There’s a rumor going around in this world. I’ve heard it. Chances are that if you were alive during any part of the 80s, you may have also heard it. If you are poor and live in Russia, your life probably sucks. In addition to that, there are jobs in this world that would drive you – yes you, with all of your first world problems like “my cell phone won’t connect to 3G” – absolutely mad. Russian filmmaker Alexey Balabanov’s The Stoker is a movie about one of those lives, stuck in one of those jobs. He draws for his audience, without a doubt, a poignant display of the differences between the ideals of the old guard of the USSR and the new, organized crime filled world of the new Russia.
Ivan (Mikhail Skyabin) is an aging, weathered veteran of Afghanastan, once a war hero, who now spends his days shoveling coal into a massive boiler system. In between rounds of stoking the fire, he types (with one finger) words into a novel that he’s been working on for years, visits with the local children who come to watch the flames and then he sleeps, covered in dust, sad and mostly alone. Every once in a while, a group of local gangsters come by to burn a body. “They are bad people,” says their leader to Ivan, who swaps war stories with him, and that’s what makes it okay.
Juxtaposed with the deep gray emptiness of Ivan’s world is the lively world of the people who visit him. From his daughter, who takes time away from standing in her apartment completely naked to run a fur business, or her blockhead mobster boyfriend, the soft-spoken, murderous surprise lothario Bison. For every ten minutes we get of Ivan shoveling coal, we get a few moments of color – personified with sexual encounters, contract killings and people walking through snow-covered streets.
The Stoker moves methodically between the slow, depressing reality and the twisted, handily weaved drama that begins to form around Ivan’s friends and family. And like the story he tells within the book he’s writing, it’s about those with position and power taking advantage of the less fortunate. As we watch Ivan continue to sit quietly as things begin to unravel for those around him, it’s a matter of waiting to see when the revelled war hero will come out. When does the loyal, moral old guard take a stand against the crime and corruption that is engulfing what used to be a proud nation? When things begin to go bad for his daughter, the film builds to a crescendo and delivers a perfect pay-off for Ivan’s story. Even as it crawls to a bitter, icy close, Balabanov shows a great deal of love for the proud man at the heart of his film.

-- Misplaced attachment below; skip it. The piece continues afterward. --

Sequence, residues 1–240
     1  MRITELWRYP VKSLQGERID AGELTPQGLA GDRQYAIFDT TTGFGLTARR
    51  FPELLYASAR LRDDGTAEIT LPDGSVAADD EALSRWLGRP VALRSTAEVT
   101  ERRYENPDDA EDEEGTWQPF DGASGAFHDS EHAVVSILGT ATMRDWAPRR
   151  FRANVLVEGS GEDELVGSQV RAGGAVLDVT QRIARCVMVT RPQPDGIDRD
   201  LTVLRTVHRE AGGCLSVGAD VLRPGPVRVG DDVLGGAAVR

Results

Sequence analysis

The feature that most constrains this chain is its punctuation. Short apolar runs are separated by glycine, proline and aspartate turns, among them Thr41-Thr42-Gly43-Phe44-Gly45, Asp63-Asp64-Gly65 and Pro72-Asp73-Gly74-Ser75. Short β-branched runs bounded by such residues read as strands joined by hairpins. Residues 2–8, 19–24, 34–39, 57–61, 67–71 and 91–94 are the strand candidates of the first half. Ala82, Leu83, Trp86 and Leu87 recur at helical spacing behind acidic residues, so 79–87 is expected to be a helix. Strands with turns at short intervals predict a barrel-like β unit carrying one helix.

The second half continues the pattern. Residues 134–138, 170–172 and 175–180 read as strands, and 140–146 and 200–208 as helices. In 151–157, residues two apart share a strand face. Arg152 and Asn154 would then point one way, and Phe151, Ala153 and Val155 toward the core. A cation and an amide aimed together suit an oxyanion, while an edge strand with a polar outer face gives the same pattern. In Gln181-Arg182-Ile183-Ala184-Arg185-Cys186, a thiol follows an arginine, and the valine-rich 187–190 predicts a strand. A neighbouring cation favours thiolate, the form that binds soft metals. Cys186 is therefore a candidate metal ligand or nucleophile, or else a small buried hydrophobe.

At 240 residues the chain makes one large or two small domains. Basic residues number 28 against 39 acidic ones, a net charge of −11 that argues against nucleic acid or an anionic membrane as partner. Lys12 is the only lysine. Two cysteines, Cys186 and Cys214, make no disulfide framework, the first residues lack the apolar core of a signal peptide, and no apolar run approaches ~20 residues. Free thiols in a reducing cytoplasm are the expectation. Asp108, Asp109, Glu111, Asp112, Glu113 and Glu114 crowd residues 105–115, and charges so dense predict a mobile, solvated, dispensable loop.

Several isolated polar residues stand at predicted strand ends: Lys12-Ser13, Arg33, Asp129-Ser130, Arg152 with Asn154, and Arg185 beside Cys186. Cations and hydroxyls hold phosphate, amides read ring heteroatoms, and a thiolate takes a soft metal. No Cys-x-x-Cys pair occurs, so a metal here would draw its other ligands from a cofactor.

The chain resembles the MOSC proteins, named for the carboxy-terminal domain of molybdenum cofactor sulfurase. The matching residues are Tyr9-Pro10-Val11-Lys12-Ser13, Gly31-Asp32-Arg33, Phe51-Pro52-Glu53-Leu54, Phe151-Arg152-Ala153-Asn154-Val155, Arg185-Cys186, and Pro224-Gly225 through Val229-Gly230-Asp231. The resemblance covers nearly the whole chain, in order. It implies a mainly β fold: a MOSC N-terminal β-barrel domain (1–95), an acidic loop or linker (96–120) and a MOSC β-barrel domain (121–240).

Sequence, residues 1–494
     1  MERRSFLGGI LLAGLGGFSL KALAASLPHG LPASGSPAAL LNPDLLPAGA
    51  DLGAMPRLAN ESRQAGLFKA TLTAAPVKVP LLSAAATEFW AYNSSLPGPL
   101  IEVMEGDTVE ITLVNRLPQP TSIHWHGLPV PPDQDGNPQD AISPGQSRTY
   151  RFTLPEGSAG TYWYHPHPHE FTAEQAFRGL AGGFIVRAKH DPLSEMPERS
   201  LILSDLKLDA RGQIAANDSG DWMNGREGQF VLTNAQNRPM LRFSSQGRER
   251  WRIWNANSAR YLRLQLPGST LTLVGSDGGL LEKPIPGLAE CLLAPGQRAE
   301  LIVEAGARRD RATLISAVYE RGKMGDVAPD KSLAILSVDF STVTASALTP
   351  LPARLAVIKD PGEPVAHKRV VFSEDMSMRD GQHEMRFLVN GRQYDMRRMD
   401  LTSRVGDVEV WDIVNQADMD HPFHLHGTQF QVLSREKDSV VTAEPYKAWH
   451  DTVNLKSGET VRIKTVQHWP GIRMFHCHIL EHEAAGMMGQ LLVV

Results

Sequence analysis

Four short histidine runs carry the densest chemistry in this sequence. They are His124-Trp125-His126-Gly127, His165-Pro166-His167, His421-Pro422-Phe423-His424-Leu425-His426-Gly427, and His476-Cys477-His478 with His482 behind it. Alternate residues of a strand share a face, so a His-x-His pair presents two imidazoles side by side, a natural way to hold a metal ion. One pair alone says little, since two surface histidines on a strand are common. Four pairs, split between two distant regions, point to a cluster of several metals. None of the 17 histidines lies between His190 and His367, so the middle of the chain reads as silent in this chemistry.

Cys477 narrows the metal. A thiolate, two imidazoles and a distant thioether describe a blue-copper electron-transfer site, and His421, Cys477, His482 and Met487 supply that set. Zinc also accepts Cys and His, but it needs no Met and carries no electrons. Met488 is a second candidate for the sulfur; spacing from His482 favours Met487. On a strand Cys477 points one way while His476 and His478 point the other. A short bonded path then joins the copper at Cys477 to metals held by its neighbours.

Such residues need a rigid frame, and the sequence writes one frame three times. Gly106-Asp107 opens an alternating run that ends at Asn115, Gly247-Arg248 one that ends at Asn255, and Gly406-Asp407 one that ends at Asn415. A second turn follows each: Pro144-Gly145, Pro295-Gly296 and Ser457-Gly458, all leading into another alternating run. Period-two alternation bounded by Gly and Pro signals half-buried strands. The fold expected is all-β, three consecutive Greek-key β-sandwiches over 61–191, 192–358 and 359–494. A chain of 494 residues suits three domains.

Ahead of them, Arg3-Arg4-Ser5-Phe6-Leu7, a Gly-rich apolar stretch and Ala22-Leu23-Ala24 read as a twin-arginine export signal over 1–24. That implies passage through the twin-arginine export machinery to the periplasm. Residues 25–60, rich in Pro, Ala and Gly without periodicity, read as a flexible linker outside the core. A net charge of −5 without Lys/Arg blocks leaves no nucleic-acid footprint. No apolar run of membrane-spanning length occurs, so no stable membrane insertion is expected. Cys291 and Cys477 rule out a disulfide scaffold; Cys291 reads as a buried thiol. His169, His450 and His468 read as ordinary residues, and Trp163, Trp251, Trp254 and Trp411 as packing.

If you had any doubts about the fact that being a poor remnant of Cold War Russia living as a boiler stoker is a depressing life, this movie provides a definitive answer. It’s plenty Russian and plenty depressing, with an extra side dish of both Russian and depressing. It has some quirks, but there’s little else but well-executed bleakness in Stoker. An incredibly well acted, expertly composed story that is deeply affecting, but uncomfortably sad.
The Upside: It’s very well-acted, atmospheric and carefully composed to build to a perfect climax.
The Downside: It’s very depressing. Really depressing. And effective at being depressing.